Participating in sports can have long-lasting benefits for youth; however, typically we envision team sports or other popular athletic activities. Yoga may be unconventional for some people, but case studies and research show time and time again that practicing yoga can improve the quality of one’s life. Many adults have learned this through personal experience (I’m sure we all know someone who practices yoga), so it begs the question — what about youth and yoga?
WHAT IS YOGA?
With its origins reaching back to ancient India, yoga, which literally translates to “unite” in Sanskrit, has taken form in many traditions and styles and is associated with several different religious and philosophical practices. In the 1980s the Hatha yoga tradition made its way to the United States and other western countries, and that is the practice which is so popular today.
Yoga consists of postures/positions (“asanas”), breathing exercises, and meditation. Since yoga has become more popular, over the years even more variations have been introduced to the practice. Some forms of yoga involve moving at a very deliberate pace, holding the postures for a longer amount of time. Others move rapidly through the asanas. Hot yoga has also grown in popularity, and it is typically practiced in a room temperature of 100-104 degrees Fahrenheit.
BENEFITS OF YOGA
Yoga is often used as a complementary therapy to standard interventions for physical, mental, and behavioral issues. With its ability to relax the mind, manage stress, and increase flexibility, it is no wonder Yoga is becoming increasingly popular. In his article, “Count on Yoga: 38 Ways Yoga Keeps You Fit,” Dr. Timothy McCall shares his own experiences with the healing powers of yoga. We’ve listed some of these health benefits below.
- Improved flexibility
- Strength conditioning
- Improved posture
- Joint mobility
- Spine flexibility
- Bone density health
- Increased circulation
- Healthier lymphatic system
- Blood pressure control
- Stress relief
- Natural mood enhancer
- Decrease risk of Diabetic complications
- Improved mental focus/capability
- Improved balance
- Lifted self-esteem and well being
- Reduction in gastrointestinal issues
- Enhanced breathing
- Pain relief
YOUTH AND YOGA
While research on youth and yoga is somewhat limited, there have been some studies about yoga’s effects on common issues during childhood, such as ADHD, anxiety, irritable bowel syndrome (IBS), asthma, weight issues, and problematic behaviors. The article “Yoga as a Complementary Therapy for Children and Adolescents” outlines case studies and their results. Overall, it was found that yoga had great benefits for young people. Below, we examine the results of the studies discussed in the article.
ATTENTION DEFICIT HYPERACTIVE DISORDER (ADHD)
Four of the studies focused on alleviating the symptoms associated with ADHD. All four were in a school setting, with two of them involving parents. From the article:
“The available evidence suggests a school-aged child diagnosed with ADHD would most likely benefit from a yoga class 1) with same-aged peers, 2) multiple components that include use of poses and focus on the breath, 3) intentional cues to concentrate attention, and 4) an ending period of quiet or guided relaxation in a still position. The class time may span 45 to 90 minutes. At least 6 to 8 weeks of weekly sessions, or approximately 20 hours of class time may be required to see beneficial effects, but they may also manifest sooner. There is likely to be greater benefit if use of the skills is practiced at home and supported by the classroom environment.”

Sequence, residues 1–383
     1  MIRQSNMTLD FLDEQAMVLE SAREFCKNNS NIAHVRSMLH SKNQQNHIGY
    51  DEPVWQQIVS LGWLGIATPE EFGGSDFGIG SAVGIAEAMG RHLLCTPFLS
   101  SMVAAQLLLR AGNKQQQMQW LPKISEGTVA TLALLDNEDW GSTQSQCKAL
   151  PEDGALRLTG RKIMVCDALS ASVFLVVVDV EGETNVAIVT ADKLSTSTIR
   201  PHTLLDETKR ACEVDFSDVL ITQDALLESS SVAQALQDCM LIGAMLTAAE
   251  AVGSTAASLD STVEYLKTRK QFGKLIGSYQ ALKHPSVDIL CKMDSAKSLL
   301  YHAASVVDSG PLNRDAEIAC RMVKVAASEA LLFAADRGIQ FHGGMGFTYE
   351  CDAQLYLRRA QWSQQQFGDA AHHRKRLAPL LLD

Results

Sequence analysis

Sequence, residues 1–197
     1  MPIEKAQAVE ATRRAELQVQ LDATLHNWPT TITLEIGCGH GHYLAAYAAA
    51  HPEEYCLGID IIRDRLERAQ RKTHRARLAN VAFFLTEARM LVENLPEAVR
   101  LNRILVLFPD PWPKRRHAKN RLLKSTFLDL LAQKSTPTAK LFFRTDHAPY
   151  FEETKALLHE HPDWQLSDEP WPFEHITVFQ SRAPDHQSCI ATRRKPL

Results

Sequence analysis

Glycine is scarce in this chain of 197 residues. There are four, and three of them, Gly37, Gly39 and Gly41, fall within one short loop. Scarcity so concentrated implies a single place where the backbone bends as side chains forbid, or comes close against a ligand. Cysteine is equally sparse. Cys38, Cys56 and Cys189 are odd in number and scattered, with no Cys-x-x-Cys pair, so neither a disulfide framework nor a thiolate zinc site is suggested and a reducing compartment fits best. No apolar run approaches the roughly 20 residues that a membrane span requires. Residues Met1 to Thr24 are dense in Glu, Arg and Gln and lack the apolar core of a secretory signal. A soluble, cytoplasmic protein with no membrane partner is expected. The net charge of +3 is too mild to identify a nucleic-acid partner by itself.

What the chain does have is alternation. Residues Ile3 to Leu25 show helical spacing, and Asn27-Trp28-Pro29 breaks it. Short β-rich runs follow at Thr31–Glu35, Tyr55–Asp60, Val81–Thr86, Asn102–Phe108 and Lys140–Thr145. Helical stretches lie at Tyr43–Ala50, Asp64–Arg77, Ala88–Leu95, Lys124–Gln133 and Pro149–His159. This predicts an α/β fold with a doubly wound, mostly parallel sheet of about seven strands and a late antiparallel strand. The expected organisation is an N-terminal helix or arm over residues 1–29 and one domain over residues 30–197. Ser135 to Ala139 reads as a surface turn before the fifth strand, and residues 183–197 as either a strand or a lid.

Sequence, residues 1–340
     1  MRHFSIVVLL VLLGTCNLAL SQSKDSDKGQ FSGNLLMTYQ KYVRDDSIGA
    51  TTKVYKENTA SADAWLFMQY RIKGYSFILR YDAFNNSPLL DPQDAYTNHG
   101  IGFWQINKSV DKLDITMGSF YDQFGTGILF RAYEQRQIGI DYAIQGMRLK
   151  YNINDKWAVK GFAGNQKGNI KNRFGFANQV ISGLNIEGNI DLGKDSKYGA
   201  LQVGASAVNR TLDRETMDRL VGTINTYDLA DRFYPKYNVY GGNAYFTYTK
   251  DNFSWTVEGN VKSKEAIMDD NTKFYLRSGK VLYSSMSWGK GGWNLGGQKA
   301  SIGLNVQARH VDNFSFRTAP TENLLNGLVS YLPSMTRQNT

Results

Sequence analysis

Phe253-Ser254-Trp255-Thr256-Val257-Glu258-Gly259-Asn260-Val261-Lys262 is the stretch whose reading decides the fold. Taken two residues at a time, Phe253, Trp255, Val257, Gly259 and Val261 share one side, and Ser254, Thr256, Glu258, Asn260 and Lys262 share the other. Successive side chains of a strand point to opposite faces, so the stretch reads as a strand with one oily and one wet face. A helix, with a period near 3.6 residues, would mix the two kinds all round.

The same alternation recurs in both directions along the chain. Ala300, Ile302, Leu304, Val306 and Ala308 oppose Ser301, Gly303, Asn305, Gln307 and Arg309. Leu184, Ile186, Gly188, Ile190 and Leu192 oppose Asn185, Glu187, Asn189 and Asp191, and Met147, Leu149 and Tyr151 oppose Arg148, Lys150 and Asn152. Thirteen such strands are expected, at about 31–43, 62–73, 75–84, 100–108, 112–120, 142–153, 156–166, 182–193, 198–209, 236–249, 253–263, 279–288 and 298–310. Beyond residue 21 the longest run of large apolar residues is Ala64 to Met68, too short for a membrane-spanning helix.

ANXIETY AND STRESS
Anxiety and stress are two struggles which many children face. Anxiety can disrupt sleep, focus, relationships, and a youth’s overall sense of well being. Due to some variations in the study, such as the pace of the yoga practice, different results were seen. Overall, a reduction in anxiety and problematic behaviors was seen as well as an increase in a positive sense of well being. Two other studies showed a decrease in cortisol immediately after practicing yoga. Also seen were increases in positive affect and a sense of self-efficacy.
WEIGHT AND BODY DISSATISFACTION, ASTHMA, AND IBS
Two studies targeted the delicate matter of weight and disordered eating habits. They found reductions in “body dissatisfaction, food pre-occupation, anxiety, and depression.” For the youth who were at-risk for Type 2 Diabetes, weight loss was also a result; however, for those young people who were already experiencing a low-weight eating disorder, there was no weight loss.
For young people with asthma, yoga provided much relief. Following up over two years, researchers found that the asthmatic population showed “showed improvements in pulmonary functions, exercise capacity, and exercise-induced bronchoconstriction,” which ultimately reduced their medication intake.
“The youth with IBS evidenced psychological benefits in terms of lower levels of functional disability, less use of emotion-focused avoidance, and reduced anxiety levels.”
One great thing about yoga is this is an activity which a family can do together. While practicing yoga clearly has some benefits for youth, there may be some obstacles in accessing yoga programs for youth. Luckily, many DVDs and online tutorials exist for low-cost access to yoga. My Yoga Online and Love to Know Yoga are two examples. Also, simply searching on YouTube will yield a variety of video yoga lessons.
Do you know any children or teens who practice yoga? We hope you will encourage the young people in your life to try yoga both as a form of exercise and stress relief.